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Moderna reports positive phase 3 data for its RSV vaccine for older adults

In the US, RSV causes around 60,000 to 120,000 hospitalisations and 6,000 to 10,000 deaths in older adults each year


Moderna has announced positive top-line data from a phase 3 trial of its investigational mRNA respiratory syncytial virus (RSV) vaccine – mRNA-1345 – for adults aged 60 years and older.

The ConquerRSV study met its primary efficacy endpoints, demonstrating that the vaccine offers 83.7% protection against RSV-associated lower respiratory tract disease (RSV-LRTD) as defined by two or more symptoms, such as cough and fever.

The other primary efficacy endpoint against RSV-LRTD, defined by three or more symptoms, was also met, with a vaccine efficacy of 82.4%. The trial is ongoing, with additional efficacy analyses planned as cases arise, including for severe RSV.

Based on these results, Moderna said it intends to submit the vaccine for regulatory approval in the first half of this year. The company will also submit the data for peer-reviewed publication and present it at an upcoming scientific meeting.

Commenting on the positive results, Moderna's chief executive officer, Stéphane Bancel, said: “This data is encouraging and represents the second demonstration of positive phase 3 trial results from our mRNA infectious disease vaccine platform after Spikevax, our COVID-19 vaccine.

RSV is a contagious virus characterised by several mild, cold-like symptoms. Although most people recover within a week or two, the virus can be dangerous, especially for infants and older adults.

In the US alone, it is estimated that RSV infections in older adults account for approximately 60,000 to 120,000 hospitalisations and 6,000 to 10,000 deaths each year. There is currently no vaccine for the virus in this age population.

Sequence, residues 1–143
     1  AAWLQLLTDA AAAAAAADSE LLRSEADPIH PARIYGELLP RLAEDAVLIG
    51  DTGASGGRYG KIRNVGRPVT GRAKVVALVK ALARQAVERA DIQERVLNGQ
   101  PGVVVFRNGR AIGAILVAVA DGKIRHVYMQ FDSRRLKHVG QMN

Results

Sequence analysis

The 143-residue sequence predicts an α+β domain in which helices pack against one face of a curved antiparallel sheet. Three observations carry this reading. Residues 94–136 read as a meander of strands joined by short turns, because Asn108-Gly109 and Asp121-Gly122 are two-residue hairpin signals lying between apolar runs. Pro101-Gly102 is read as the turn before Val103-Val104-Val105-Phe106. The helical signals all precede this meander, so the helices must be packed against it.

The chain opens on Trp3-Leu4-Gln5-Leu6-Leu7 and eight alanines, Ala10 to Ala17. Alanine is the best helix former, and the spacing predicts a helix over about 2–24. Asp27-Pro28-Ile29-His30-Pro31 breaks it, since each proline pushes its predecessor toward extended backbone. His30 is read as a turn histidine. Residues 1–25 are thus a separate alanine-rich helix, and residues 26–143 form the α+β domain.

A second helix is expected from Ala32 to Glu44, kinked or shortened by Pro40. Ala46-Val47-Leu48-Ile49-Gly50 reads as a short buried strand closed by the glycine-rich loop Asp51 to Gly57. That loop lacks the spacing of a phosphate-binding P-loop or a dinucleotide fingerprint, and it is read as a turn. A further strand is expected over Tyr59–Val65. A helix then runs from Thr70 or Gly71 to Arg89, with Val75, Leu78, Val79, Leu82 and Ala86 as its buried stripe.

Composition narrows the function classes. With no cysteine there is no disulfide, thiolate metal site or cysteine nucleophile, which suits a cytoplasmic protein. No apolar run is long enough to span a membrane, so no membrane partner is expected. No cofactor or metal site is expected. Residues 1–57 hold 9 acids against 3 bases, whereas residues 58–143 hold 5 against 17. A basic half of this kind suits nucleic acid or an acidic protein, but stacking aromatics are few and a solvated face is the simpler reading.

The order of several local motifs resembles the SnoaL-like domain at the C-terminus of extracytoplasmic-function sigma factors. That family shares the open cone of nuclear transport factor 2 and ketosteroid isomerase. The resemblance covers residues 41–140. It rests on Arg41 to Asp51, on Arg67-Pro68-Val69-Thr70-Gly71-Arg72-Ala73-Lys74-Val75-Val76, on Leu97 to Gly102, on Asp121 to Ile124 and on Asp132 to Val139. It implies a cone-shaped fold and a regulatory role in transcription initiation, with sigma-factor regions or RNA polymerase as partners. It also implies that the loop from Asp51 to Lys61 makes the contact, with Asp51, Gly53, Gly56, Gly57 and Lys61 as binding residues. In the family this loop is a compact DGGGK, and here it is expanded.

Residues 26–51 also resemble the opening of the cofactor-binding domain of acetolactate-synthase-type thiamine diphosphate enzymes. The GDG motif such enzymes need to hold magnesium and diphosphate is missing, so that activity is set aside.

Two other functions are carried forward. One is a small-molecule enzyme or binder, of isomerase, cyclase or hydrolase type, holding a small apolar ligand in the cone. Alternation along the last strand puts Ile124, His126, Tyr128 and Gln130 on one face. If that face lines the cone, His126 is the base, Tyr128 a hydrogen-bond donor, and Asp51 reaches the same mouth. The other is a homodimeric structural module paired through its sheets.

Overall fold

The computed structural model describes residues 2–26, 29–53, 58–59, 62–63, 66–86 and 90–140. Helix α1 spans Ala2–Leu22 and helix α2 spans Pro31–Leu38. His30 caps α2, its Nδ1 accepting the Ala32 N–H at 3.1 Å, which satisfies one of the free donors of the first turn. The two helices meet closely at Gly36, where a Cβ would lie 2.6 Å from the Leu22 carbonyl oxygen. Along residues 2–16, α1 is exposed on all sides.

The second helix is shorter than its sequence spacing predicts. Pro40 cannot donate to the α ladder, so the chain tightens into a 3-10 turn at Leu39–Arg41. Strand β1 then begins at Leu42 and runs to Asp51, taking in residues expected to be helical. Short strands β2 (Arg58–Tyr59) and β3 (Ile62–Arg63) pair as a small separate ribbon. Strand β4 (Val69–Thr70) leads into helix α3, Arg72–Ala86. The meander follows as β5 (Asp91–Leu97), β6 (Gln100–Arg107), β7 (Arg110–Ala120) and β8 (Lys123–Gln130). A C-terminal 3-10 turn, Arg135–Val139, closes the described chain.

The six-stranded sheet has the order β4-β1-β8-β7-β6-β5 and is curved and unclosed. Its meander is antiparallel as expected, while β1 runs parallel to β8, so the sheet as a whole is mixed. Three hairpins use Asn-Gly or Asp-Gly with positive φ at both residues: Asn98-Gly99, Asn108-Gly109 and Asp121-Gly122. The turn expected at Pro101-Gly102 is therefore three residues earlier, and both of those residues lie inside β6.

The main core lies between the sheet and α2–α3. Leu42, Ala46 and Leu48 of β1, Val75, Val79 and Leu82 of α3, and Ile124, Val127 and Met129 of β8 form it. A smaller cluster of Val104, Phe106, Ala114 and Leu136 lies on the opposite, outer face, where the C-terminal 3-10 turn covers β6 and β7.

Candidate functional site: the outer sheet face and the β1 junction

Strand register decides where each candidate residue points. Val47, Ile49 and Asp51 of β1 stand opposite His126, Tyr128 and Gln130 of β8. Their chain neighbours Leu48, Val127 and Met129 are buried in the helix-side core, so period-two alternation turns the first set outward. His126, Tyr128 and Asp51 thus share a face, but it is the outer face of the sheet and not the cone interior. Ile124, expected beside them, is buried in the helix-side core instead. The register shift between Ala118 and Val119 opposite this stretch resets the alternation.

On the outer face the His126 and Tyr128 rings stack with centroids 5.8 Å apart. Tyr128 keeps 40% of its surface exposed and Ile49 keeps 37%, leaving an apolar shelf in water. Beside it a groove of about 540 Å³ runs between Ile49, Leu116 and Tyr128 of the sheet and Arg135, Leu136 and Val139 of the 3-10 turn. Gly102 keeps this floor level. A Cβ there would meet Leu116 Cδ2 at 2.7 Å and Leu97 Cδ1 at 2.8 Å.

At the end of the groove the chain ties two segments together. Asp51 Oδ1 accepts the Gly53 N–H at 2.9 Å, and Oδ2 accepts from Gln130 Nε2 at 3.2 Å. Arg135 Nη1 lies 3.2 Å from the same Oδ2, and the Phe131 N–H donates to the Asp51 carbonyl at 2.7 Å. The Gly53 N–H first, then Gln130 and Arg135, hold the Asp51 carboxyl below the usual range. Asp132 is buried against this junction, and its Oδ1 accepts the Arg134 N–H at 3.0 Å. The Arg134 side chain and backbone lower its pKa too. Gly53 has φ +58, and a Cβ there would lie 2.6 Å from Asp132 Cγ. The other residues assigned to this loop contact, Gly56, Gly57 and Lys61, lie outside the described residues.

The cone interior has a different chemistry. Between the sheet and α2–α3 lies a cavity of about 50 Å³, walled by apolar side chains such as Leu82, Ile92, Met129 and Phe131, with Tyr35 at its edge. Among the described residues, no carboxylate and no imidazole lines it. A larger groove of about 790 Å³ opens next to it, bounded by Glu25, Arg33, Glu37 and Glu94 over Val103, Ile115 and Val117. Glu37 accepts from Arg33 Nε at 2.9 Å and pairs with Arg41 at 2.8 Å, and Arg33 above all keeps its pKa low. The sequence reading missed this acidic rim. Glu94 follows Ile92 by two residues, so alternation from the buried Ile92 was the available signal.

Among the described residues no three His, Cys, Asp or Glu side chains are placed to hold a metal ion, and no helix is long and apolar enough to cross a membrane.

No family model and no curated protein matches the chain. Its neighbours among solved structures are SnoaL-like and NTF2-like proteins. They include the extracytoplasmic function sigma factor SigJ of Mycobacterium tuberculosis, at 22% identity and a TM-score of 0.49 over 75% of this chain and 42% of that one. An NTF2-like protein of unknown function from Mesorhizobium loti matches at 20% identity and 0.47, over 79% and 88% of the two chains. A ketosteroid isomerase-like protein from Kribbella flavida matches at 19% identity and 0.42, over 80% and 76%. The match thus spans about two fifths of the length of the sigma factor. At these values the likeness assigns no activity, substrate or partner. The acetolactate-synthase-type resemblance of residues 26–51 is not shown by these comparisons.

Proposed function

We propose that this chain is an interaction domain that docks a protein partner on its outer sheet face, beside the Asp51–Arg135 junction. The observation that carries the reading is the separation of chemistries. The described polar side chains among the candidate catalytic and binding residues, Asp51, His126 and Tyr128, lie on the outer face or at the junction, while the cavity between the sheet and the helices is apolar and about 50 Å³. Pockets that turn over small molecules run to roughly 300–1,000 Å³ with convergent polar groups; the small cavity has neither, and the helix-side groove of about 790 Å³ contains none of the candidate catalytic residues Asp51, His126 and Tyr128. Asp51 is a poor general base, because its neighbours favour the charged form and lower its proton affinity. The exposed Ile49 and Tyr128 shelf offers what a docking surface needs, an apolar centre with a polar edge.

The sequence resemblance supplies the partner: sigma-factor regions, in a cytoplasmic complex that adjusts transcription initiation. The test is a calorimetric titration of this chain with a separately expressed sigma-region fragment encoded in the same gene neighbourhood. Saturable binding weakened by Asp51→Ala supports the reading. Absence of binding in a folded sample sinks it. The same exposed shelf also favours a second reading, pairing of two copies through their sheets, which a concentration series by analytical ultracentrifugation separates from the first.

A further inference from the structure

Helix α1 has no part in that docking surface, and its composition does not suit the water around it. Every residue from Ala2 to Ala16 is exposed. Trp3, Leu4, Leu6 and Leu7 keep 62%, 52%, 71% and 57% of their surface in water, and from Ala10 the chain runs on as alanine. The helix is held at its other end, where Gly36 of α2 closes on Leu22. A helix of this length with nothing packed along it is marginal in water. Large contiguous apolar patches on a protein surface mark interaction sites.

Pfizer and GSK have also submitted applications for their respective RSV vaccines to the US Food and Drug Administration (FDA).

AstraZeneca and Sanofi’s antibody treatment Beyfortus (nirsevimab) received European Commission approval in November 2022 to prevent RSV in newborns and infants and is currently under review by the FDA.

Bancel said: “Respiratory diseases are a major public health priority, given they have a significant health impact and are a leading cause of hospitalisation.

"For these reasons, in addition to our mRNA-1345 RSV vaccine candidate, we are committed to developing a portfolio of respiratory mRNA vaccines to target the most significant viruses causing respiratory disease, including COVID-19, influenza and human metapneumovirus.”

Moderna is also developing a personalised cancer vaccine alongside Merck & Co – known as MSD outside the US and Canada – which has been shown to benefit patients with high-risk melanoma.

Article by
Emily Kimber

18th January 2023

From: Research



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